I believe that we all need to be our own futurists: in a rapidly changing world we need the skills and capabilities to think effectively about the future so we can act better today.
Perhaps humans are all in fact born to engage deeply in the future, it is simply a capacity we need to develop further.
Renowned positive psychology professor Martin Seligman, in a recent New York Times article prefacing his forthcoming book Homo Prospectus, says humans are intrinsically focused on the future.
What best distinguishes our species is an ability that scientists are just beginning to appreciate: We contemplate the future. Our singular foresight created civilization and sustains society. It usually lifts our spirits, but it’s also the source of most depression and anxiety, whether we’re evaluating our own lives or worrying about the nation. Other animals have springtime rituals for educating the young, but only we subject them to “commencement” speeches grandly informing them that today is the first day of the rest of their lives.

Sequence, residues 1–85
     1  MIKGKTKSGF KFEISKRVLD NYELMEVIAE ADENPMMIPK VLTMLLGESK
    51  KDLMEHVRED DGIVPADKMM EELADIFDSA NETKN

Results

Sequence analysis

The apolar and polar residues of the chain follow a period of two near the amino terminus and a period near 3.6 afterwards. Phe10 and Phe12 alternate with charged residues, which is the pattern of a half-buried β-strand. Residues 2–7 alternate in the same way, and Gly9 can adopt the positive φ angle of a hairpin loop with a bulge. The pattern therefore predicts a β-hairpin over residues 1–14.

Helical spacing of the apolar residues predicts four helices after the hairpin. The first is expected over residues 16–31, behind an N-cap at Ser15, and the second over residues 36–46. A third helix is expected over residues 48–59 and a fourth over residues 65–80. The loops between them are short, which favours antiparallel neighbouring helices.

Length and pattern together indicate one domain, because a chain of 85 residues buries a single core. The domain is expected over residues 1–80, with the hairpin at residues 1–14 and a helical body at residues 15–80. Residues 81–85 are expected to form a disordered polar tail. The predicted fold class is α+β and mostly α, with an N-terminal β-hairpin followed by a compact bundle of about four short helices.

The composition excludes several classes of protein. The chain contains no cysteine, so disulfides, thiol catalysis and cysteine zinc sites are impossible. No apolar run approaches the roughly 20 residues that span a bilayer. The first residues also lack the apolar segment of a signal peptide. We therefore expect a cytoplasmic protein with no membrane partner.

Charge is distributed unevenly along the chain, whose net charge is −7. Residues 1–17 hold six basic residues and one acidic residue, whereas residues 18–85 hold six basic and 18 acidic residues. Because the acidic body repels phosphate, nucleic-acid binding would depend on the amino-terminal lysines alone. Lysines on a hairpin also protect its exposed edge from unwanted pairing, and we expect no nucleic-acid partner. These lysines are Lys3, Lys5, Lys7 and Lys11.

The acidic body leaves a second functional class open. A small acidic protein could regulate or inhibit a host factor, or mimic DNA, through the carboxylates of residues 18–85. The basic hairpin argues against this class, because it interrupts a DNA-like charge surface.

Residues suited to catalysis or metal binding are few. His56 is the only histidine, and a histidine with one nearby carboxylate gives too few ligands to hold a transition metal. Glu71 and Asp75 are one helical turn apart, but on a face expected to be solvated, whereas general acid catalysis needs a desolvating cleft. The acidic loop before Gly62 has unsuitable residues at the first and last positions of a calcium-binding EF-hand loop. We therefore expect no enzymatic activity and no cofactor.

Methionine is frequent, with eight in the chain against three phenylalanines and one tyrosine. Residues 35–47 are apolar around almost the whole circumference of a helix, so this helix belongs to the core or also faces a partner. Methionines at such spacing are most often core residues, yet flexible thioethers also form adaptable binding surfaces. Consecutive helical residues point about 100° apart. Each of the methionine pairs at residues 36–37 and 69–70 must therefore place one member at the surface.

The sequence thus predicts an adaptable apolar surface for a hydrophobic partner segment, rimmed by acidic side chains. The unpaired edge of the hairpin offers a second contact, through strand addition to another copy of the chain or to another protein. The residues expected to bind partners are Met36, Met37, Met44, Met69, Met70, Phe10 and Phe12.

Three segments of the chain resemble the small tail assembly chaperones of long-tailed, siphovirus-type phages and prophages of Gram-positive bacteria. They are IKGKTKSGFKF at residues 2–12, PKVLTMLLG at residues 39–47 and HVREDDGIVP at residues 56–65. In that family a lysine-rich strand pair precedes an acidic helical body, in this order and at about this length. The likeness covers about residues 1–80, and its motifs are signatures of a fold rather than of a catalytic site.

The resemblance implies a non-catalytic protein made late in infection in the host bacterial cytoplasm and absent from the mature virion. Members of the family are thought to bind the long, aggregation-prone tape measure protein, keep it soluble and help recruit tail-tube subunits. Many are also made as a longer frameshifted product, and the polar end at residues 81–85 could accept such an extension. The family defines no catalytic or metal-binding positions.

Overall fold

A more apt name for our species would be Homo prospectus, because we thrive by considering our prospects. The power of prospection is what makes us wise. Looking into the future, consciously and unconsciously, is a central function of our large brain, as psychologists and neuroscientists have discovered — rather belatedly, because for the past century most researchers have assumed that we’re prisoners of the past and the present.
Seligman points to extensive brain and behavioral research that supports his case that humans are at core future-focused.
Studies of mental processes showed that people think about the future three times as much as they do about the past. Brain imaging studies show that our ability to envisage the future is deeply related to our memory process. Indeed, the fluidity of our memory serves our ability to influence our future.
Homo prospectus… became Homo sapiens by learning to see and shape his future, and he is wise enough to keep looking straight ahead.
The capacity to look usefully into the future is within all of us.
We just need to nurture it.
Image: Christian Scheidegger